Composer Philip Glass and filmmaker Godrey Reggio have a working relationship that is stronger than most. Glass has composed music for every one of Reggio’s films, including the legendary Qatsi trilogy, epic and beautiful meditations on a world in a state of flux.
Their latest collaboration is Visitors, which will screen as part of next year’s Sydney Festival. The black and white film has been called a ‘time capsule for the 21st century’, and features a haunting score composed by Glass. “I feel that in terms of his work, he never repeats himself,” Reggio explains about the pair’s long-standing collaboration. “The more we work together, the more I get to know his language, and the more he understands mine. It’s like a dance, and with each film, we become more in step with each other. His music is extraordinarily cinematic – there is so much going on. I feel that working with him, there are almost unlimited opportunities to explore.”
The pair’s working methods, Reggio tells me, are vastly different than those that might be typical of a film director and a composer. “I ask Philip not to write note one until he’s fully absorbed the composition of the film,” Reggio says. “He goes to the locations where we shoot, which is normally unheard of for a composer.” The two then get together and speak about the thematic content of the film, in both practical and poetic terms. “When he’s finished, I usually hear the music first on piano and give my comments, and it will start to develop,” Reggio continues. “We’ll go back and forth and keep doing the dance. It’s a reciprocal process. Most directors will give their soundtrack composers cues, anything from a few seconds to a minute or two. With my films, Philip is writing a full symphonic score, so it takes on a whole new dimension.”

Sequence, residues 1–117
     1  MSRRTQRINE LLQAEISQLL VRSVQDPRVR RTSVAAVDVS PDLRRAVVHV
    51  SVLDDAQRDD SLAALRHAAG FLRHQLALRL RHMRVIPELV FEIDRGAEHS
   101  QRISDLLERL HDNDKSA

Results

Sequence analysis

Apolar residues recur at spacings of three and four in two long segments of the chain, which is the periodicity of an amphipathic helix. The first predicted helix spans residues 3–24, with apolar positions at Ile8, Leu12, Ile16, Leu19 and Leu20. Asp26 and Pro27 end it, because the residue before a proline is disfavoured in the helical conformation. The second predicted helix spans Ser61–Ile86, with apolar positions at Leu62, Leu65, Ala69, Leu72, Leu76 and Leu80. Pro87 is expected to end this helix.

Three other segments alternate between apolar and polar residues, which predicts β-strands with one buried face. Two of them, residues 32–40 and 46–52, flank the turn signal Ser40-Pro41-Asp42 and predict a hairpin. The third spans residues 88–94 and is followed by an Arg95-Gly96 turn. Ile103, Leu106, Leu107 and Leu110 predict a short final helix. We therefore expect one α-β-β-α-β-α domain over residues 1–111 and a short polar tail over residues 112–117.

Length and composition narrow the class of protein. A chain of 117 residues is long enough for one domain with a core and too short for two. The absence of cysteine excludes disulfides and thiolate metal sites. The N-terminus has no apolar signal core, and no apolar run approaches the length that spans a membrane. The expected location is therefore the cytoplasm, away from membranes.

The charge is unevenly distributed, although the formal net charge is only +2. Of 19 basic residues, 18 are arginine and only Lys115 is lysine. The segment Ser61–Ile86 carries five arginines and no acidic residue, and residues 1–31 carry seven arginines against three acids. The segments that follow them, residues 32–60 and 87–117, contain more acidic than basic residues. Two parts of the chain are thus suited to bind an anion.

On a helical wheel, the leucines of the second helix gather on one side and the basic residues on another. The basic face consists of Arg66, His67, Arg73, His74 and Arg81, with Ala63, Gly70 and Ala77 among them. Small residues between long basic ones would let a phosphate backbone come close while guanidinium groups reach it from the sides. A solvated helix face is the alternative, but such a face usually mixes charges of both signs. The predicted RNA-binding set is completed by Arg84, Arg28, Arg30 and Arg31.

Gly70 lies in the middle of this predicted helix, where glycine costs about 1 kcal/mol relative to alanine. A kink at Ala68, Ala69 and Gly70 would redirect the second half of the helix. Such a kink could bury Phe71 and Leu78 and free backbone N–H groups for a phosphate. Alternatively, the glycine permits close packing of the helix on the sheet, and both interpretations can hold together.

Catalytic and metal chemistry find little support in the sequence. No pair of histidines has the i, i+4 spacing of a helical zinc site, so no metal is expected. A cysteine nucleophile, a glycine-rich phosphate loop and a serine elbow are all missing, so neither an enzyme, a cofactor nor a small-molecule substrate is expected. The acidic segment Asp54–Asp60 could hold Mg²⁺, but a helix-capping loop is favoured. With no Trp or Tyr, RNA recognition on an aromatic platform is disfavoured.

Reggio himself has long been fascinated with the idea of technology. The notion of a ‘technological universe’ is a theme that suffuses all his films, and is played out in fascinating ways in Visitors. A recurring image in the film is that of faces staring at screens. Some of the people involved are watching television, others playing video games, but to watch them is strange and fascinating. “I think we’re creatures of habit, and the things we do every day inform the content of our minds,” Reggio says. “Here we are, transfixed and addicted to our screens – we use those, and they deliver knowledge to us, but in a very disembodied way. They’re changing the way we think. All over the planet, right now, billions of hands are touching gizmos at this moment, and billions of eyes are looking at screens. Children are born into a world of screens now, and I can only imagine how that will shape their minds.”
I put it to Reggio that his film has been called an ode to modern life. That being the case, I ask for his thoughts on the modern condition. Will future generations view our customs as odd, and indeed, will they see us as a selfish civilisation? In response, he paraphrases Matthew, Chapter 7, Verse 16. “You will know them by their fruits,” he says. “I think that’s the simplest way to put it. We are leaving a bad taste on the planet in our pursuit of happiness. Generations from now, people will look back and say that we weren’t thinking of them, they’ll say that we disregarded the fact that the planet’s resources are finite. We’re creating problems that future generations will have to deal with because of our rush to happiness.”
BY ALASDAIR DUNCAN